- Maximizing the number of residents who can access neighborhood amenities without needing a car by expanding the amount of housing and maximizing affordable housing at high-amenity Metro stations and transit corridors, as well as creating new high-amenity transit corridors by no longer preserving industrial land (which is concentrated in specific areas and contributes to pollution and health challenges for residents);
- Expanding affordable housing requirements and incentives — including deeply affordable and family-sized units — for transit-oriented development to make sure residents of all income levels have access to public transportation and amenities, in part by ensuring the Housing Production Trust Fund meets its statutory goals;
- Pushing for the release of the Council-mandated congestion pricing study that is more than a year overdue for release, which can determine practical next steps for exploring this congestion pricing further, particularly with an equity lens;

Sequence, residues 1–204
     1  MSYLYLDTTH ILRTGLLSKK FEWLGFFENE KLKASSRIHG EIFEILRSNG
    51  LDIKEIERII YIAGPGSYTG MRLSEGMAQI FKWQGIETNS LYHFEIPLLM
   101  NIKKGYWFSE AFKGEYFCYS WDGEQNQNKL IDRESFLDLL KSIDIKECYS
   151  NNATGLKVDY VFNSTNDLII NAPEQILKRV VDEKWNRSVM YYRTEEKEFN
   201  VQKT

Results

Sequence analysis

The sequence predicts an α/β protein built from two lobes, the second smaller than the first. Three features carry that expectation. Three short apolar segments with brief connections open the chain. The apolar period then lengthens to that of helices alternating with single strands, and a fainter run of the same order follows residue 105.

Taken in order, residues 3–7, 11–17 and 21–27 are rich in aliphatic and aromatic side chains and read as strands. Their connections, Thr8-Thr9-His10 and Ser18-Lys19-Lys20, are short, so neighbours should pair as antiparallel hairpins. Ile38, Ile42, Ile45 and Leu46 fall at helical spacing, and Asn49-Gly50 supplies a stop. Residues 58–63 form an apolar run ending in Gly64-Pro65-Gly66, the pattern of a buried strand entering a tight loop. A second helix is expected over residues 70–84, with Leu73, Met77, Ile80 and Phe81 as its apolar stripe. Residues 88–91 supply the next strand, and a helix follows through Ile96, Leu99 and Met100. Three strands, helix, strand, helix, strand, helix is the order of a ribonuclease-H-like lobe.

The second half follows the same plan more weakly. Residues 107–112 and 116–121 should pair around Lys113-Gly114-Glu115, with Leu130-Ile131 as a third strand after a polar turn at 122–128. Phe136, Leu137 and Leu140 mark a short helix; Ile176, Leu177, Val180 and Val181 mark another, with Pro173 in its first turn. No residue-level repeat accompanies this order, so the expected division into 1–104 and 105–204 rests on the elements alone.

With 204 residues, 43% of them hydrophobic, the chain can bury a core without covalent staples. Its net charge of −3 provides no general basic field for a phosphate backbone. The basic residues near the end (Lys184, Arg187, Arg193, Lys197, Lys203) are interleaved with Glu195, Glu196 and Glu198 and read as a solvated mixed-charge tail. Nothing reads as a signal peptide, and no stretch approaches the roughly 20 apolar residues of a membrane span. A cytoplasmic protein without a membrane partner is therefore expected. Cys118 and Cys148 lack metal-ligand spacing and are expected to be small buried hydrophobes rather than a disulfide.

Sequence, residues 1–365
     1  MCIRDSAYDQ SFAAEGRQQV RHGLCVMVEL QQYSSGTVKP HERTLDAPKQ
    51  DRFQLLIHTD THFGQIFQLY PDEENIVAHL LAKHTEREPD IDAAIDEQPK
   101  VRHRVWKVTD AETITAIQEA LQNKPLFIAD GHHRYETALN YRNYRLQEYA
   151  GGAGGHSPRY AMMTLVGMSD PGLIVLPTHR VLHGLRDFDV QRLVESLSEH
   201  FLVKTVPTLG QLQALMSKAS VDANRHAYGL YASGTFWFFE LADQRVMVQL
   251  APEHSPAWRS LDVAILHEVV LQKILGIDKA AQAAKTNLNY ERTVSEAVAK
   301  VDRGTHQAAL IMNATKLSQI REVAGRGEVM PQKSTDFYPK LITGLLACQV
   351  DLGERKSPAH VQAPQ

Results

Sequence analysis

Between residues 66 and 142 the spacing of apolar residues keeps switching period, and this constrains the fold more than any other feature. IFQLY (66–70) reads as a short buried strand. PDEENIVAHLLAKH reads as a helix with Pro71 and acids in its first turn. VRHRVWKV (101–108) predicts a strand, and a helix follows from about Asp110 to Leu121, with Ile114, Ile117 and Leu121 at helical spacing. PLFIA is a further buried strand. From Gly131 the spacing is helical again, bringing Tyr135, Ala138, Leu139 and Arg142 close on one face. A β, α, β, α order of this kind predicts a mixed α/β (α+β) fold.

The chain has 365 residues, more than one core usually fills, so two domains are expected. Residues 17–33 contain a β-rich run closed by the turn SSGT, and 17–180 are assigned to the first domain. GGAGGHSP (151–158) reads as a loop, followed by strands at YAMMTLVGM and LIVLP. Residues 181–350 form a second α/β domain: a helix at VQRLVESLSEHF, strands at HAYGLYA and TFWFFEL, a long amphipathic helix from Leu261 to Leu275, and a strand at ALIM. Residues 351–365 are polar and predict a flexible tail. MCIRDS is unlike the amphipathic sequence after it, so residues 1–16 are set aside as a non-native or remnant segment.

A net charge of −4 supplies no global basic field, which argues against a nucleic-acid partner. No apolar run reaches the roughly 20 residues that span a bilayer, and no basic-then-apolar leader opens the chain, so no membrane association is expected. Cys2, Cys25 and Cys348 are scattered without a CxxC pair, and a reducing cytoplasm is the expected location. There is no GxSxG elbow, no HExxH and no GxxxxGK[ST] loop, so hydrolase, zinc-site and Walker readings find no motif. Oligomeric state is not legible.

- Supporting downtown office to housing conversion, and including downtown in the citywide inclusionary zoning program, as proposed by the Office of the Attorney General for the District of Columbia, to expand housing and affordable housing in downtown DC;
- Supporting robust telework policies for the DC Council and throughout government as a means to use technology to our advantage to reduce car trips, improve environmental sustainability, and support workers who want and need greater flexibility;
- Fully funding and expanding DC’s Main Streets program to support local, small businesses and Black-owned businesses to ensure hiring and retention of program Executive Directors and continuity in services to businesses;